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Good glycemic control is the cornerstone of managing gestational diabetes (GDM). It is generally accepted that the earlier glycemic control is achieved, the better the outcome for mother and infant. We sought to determine whether using a 1-step method for screening and diagnosis of GDM leads to earlier glycemic control compared to the 2-step method.
A retrospective cohort study was performed by reviewing the charts of all patients with GDM enrolled in our Diabetes in Pregnancy Program (DIPP) from January 2009-May 2012. Before 10/2010, the 2-step method was used, with a 50-gm OGCT followed by a 100-gm OGTT. From 10/2010, the 75-gm OGTT 1-step method was used, as recommended by the American Diabetes Association. Patients were instructed to check fingerstick glucose with memory reflectance meters 4-7 times a day. Good glycemic control was defined as a mean glucose ≤ 100mg/dL over a period of 2 weeks. Failure to achieve good control with diet modification was followed by therapy with glyburide or insulin and doses were adjusted every week. The percent of patients who achieved good control was determined for the 1-step and 2-step groups at each gestational age. Statistical analysis was performed using Chi square and Student's t-test, as appropriate.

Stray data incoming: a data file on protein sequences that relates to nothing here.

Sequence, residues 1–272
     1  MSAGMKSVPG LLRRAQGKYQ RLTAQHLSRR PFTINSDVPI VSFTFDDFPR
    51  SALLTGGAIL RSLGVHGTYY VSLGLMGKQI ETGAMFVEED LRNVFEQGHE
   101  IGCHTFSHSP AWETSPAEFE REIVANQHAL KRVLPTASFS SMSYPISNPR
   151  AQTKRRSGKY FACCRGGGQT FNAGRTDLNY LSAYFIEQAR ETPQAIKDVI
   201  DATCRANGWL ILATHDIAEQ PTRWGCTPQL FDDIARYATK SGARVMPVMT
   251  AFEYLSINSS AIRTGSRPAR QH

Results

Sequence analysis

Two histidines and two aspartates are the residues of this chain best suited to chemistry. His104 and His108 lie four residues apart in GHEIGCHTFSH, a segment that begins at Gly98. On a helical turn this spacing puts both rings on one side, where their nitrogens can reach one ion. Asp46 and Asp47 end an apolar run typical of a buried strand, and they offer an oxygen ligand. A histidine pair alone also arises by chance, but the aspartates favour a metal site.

566 patients for whom detailed glucose control data were available were included in this study. 332 patients were diagnosed by the 2-step method and 234 were diagnosed by the 1-step method. Patients' demographic characteristics did not differ significantly between these two groups. Patients in the 1-step group achieved good glycemic control significantly earlier than those in the 2-step group (table 1). Additionally, a larger percent of patients in the 2-step group never achieved glycemic control compared to the 1-step group (p< 0.05).
1Percent of patients achieving good glycemic control
The 1-step method for the diagnosis of gestational diabetes leads to earlier glycemic control than the 2-step group.